Grumpy Taxpayer$ of Greater Victoria likes the irony in its work.

A couple of weeks ago a damning indictment of management at BC Transit was released in a Review of BC Transit by the sober bean-counters at Ministry of Finance.

The internal audit makes 28 recommendations concluding BC Transit and the Victoria Regional Transit Commission has wasted your tax money and has done a poor job of managing your assets.

It goes even further by concluding the quality of management information make it difficult to assess performance, adding, “there are opportunities for cost savings as well as improving effectiveness and efficiency across the business.”

So, most taxpayers thought that any notion of increasing the gas tax from 3.5 to 5.5-cents-a-litre – local drivers already pay one of the highest gas taxes in Canada – to support public transit expansion was a non-starter. After all, why would the province approve another $6.8-million annually given the state of management and room for cost-savings?

But, now the province will probably approve that 57 per cent hike in the gas tax this fall. Plus, Victoria Regional Transit Commission is also due to receive about $6-million in federal money earmarked for such things as new buses and infrastructure, plus a portion of the $68-million from the province due to be distributed for transit service.

What assurances are there that a management revolution at BC Transit will allow for wise spending of the new-found windfalls compliments of the municipal, provincial and federal taxpayers? Otherwise, what’s the incentive to improve management?

BACKGROUND: Review of BC Transit, Ministry of Finance, 2016


 The CRD has two tenants to help pay the bills on the Viewfield property that was prematurely purchased in October 2015 for a regional sewage biosolids facility and then nixed by Esquimalt town council.

The new tenants are Flying Squirrel and Axis Trampoline Park which plan to operate an indoor trampoline park and hire 50 to 60 employees, along with Spinaakers, which currently operates a gastro brew pub. Two thirds of the facility though is still unoccupied.

The CRD is now looking for additional tenants to help pay the bills on the 4.2 acre, $17-million site while still trying to sell the property.


PEI has introduced a bill that would force municipalities to amalgamate. The move would give the Minister of Land, Communities and Environment the ability to initiate amalgamation in municipalities where local councils might be unwilling. See CBC News story ….Kerri Milton, formerly from Downtown Penticton, is the new executive director of the Downtown Victoria Business Association….Tectoria Venture Partner, a Victoria-based investment management initiative, is launching an angel fund in the city. The $20-30-million fund is supported by angel investors such as Hannes Blum, Todd Dunlop and Elton Pereira, reports the Victoria News….Municipality of North Cowichan councillors voted last month to move forward with a process that could see the municipality and the City of Duncan amalgamate. The $145,000 cost of the amalgamation study will be split three ways with the province….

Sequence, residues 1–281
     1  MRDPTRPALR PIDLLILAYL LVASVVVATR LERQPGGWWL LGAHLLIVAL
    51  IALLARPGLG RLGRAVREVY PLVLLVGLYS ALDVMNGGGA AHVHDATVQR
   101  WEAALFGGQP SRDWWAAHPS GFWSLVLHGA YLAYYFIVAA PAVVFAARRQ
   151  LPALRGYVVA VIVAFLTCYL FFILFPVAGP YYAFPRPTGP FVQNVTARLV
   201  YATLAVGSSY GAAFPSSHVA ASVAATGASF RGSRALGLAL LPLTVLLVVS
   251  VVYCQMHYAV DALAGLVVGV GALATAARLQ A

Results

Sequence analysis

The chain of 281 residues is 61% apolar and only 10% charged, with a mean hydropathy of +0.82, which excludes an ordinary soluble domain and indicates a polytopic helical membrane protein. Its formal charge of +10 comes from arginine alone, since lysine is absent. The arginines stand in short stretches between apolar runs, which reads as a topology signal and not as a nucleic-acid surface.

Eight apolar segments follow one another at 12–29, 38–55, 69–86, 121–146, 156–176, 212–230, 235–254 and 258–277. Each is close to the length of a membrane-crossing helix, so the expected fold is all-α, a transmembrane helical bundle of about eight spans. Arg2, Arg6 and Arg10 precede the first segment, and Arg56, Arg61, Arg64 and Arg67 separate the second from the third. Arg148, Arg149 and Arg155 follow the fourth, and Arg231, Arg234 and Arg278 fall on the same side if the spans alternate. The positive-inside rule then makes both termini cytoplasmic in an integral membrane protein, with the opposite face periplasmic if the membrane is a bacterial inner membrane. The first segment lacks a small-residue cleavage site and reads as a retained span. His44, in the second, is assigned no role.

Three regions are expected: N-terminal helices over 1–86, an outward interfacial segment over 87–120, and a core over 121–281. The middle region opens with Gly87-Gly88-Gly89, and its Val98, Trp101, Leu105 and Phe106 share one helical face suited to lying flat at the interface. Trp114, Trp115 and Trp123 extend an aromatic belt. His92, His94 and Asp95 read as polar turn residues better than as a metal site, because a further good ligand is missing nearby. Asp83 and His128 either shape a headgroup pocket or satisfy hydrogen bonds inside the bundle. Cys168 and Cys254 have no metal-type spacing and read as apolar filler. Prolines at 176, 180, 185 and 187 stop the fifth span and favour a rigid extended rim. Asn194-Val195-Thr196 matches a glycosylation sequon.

On. Feb. 1, 1966, the Capital Regional District was created as part of the provincial government’s effort to establish the regional government concept of local government throughout BC. At this point the 50th anniversary activities are limited, just as well considering the public anger and controversy over spending $65-million plus so far to deliver wastewater treatment to the region and having nothing to show for it. There will be geocaching adventures, a coffee table book commemorating milestones, and an unspecified ‘summer celebration.” If you take the quiz on its website, you will learn that CRD is an ambigram, as it reads the same if turned upside down. The CRD has told Grumpy$ that the budget is “very modest and low key,” although a dollar figure has not been attached to the celebration.



Home construction in Vancouver is subject to at least 107 government taxes, fees or levies, driving the cost of a new condo up by at least 37 per cent, according to an analysis done by the Canadian Taxpayers Federation (CTF). The impact on a similar Victoria property may not be all that different.

The 37 per cent built-in tax rate means that a $403,809 real-world condo price includes $109,118 in government costs: $41,615 to the federal government, $16,928 to the provincial government, $50,575 to municipal and regional governments.

“Politicians are very good at pointing the housing affordability finger at everyone but themselves,” said Jordan Bateman, the CTF’s BC Director. “It’s time they admitted that they have their hand in the housing till too, and that their red tape and taxes are a huge cost driver.” MORE >>


OPEN BOARD MEETING –  With your help Grumpy$ has now reached the 65% mark of our start-up goal of $5,000. Donations have ranged from $25 to $450, and have included gifts-in-kind.To make it easier for our supporters we’ve added a PayPal button at the bottom of this page that accepts all major credit cards. Thank you for your generous support. Join us Tuesday, Aug. 9 from 12 to 2 pm for lunch and meeting at location TBA. Partners and interested supporters are welcome to sit in, but please RSVP to

Grumble or join us and be part of the solution. See you in August, and find out how much money a politician can really make.


The Grumpy Taxpayer$ Team